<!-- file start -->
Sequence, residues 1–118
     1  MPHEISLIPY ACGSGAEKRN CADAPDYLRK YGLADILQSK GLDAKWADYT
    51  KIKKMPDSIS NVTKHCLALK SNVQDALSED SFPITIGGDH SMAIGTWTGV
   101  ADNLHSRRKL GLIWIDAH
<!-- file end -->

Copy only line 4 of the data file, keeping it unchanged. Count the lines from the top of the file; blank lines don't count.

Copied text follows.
   101  ADNLHSRRKL GLIWIDAH